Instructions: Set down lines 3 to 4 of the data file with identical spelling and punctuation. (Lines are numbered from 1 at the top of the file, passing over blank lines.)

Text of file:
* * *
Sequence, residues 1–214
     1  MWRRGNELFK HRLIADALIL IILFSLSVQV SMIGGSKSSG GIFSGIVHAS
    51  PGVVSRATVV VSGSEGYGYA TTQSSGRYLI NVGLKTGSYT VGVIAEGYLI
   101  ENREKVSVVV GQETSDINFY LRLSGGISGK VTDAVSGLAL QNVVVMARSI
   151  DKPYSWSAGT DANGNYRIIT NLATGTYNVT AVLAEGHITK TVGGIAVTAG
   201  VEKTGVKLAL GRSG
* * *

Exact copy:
    51  PGVVSRATVV VSGSEGYGYA TTQSSGRYLI NVGLKTGSYT VGVIAEGYLI
   101  ENREKVSVVV GQETSDINFY LRLSGGISGK VTDAVSGLAL QNVVVMARSI